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The Six-Point Rulebook of Compliments

It’s supposed to be a good thing, the compliment, so why do we stumble in its presence?

When I began coaching, it’s the one thing I struggled with most. I saw the good in my clients, but it felt awkward trying to craft those feelings into detailed, authentic compliments that didn’t sound scripted, sugary, or meant for a four-year-old.

And being on the other end left me feeling self-conscious, too, like in my coaching academy days when we had to accept praise from our cohort members—face-to-face.

There’s just something very vulnerable about both sides of the process.

So do compliments really complement our lives? Or are we trying too hard, leaving both parties uncomfortable? And does it make a difference what we’re complimenting or how we’re delivering the praise?

With so many questions, I thought it was time for Rulebook #2 (If you missed the first one, click here for “The Four-Point Rulebook of Yes and No”):

    • Rule #1: General doesn’t equal generic.

Parenting experts tell us to give our kids specific compliments (“I love how you colored the trees purple!”) versus general (“I love your picture!”). But when I use this approach with adults, I often try too hard and end up fumbling into the inauthentic zone.

So instead of getting detailed, I keep it short and general, but always genuine.

“You’re doing a great job.”

“You’re an awesome mom.”

“You rock.”

In other words, YOU ARE ENOUGH, the root message of most compliments. It’s what we yearn to hear, that vote of support saying we’re perfectly suited for this life of ours.

And there’s nothing generic about that.

    • Rule #2: Let love flow.

Last week a Roto-Rooter plumber fixed my clogged kitchen sink; he was brimming with politeness and eager to be of service, and at 9:30 pm on a Thursday that’s exactly what I needed. I told my hubby how impressed I was and that I should let his office know. But I never did.

Compliments want to enter the world and reach their new homes, but they need us to birth them. Otherwise they evaporate from our minds without their recipient ever knowing they existed.

And with love at stake, that’s a major loss to the person and the world.

    • Rule #3: Who we are isn’t what we do.

We can praise a person or their actions; both keep the love flowing, one just runs a little deeper.

Under Rule #1, I complimented the child’s action:

“I love how you colored the trees purple!”

But I could have directed praise toward the child instead:

“I love that you are so creative. It’s one of your special gifts!”

Can you feel the difference? The second example is a reminder of inherent worth, not dependent upon an action.

Both types add value, though, so share generously.

    • Rule #4: The best delivery route’s the one that gets it there.

A compliment doesn’t much care how it’s transported, it just wants to get where it’s meant to land. So write admiration in a text or handwritten notecard, voice it over the phone or in person, or express it in a creative way.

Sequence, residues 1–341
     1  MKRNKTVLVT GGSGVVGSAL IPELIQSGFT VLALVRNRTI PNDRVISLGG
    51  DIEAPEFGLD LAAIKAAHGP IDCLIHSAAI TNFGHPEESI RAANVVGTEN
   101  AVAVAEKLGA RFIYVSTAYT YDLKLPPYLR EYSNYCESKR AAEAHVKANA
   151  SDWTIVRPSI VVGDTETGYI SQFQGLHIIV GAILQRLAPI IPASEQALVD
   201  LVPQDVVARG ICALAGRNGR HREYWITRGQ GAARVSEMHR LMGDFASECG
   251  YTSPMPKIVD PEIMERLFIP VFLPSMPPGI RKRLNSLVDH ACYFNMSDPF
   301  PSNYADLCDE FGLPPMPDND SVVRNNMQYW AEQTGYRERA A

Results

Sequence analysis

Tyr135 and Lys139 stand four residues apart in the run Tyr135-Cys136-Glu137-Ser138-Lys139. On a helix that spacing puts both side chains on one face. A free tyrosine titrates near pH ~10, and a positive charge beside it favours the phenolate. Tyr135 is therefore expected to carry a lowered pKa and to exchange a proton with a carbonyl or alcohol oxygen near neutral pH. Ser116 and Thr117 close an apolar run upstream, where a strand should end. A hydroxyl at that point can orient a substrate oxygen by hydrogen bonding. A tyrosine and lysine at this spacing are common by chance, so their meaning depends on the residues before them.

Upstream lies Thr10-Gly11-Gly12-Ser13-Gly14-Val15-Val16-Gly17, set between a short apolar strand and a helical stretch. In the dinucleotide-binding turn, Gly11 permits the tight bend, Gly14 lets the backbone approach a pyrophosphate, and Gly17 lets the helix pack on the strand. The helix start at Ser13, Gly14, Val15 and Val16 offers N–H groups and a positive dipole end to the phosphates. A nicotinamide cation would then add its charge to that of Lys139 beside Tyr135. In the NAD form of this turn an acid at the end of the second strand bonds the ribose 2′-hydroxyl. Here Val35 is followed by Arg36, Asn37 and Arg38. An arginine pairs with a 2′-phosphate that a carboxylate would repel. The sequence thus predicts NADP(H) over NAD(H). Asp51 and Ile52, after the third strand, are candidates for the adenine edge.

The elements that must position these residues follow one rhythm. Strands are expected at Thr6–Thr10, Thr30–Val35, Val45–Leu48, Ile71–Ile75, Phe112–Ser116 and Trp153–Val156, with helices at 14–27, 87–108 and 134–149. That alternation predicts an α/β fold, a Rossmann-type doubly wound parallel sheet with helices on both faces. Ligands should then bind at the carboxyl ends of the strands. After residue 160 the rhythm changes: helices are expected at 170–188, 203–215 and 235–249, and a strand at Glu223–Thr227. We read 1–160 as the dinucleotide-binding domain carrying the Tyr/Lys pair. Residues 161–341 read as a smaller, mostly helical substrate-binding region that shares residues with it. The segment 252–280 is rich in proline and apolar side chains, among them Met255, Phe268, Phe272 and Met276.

Don’t let the delivery logistics stop that love flow.

    • Rule #5: Accept a compliment like it’s a gift.

Because it is. It’s someone using their time to share with us the goodness they see in us. Really, it’s one of the best presents we can receive.

Someone’s praise may even reveal a quality hidden from our own eyes, which I witnessed at a recent workshop where we complimented people we hardly knew. It’s like gaining the benefit of “beginner’s mind” in discovering those things too close for us to see clearly.

But even if it makes us squirm a bit to be praised, let’s accept it anyway. Let’s not deny it or downplay it. Let’s treat it like we would any gift, even an undesirable one: smile, appreciate the kindness, and say “thank you.”

    • Rule #6: A single truth isn’t the whole truth.

Does this sound familiar: “Why did he compliment my wisdom but her kindness? Am I not kind enough? Do people think I’m selfish?” Or have you ever praised one of your kids and gotten this from another: “What about me? Didn’t I do a good job, too?”

A compliment is one piece of the truth of you. Receiving praise for one attribute doesn’t mean you’re deficient in others, and admiration directed at your neighbor doesn’t lessen your value and contributions.

When accepting a compliment, listen to what there’s and not for what’s absent.

With our rulebook complete, here’s the takeaway:

There’s vulnerability in giving or receiving praise because both actions require an opening of the heart. But the love payoff to both parties—and to humanity—makes it worth any bit of uncomfortableness. Because compliments really do complement our lives.

So let me leave you with one of the most beautiful I know:

Namasté, “My soul recognizes your soul.”1

Have a favorite rule or one you’d add to the list? Feel free to share below!

1 McGinley, K. Learn the Meaning of Namasté. Retrieved from https://chopra.com/articles/learn-the-meaning-of-namaste

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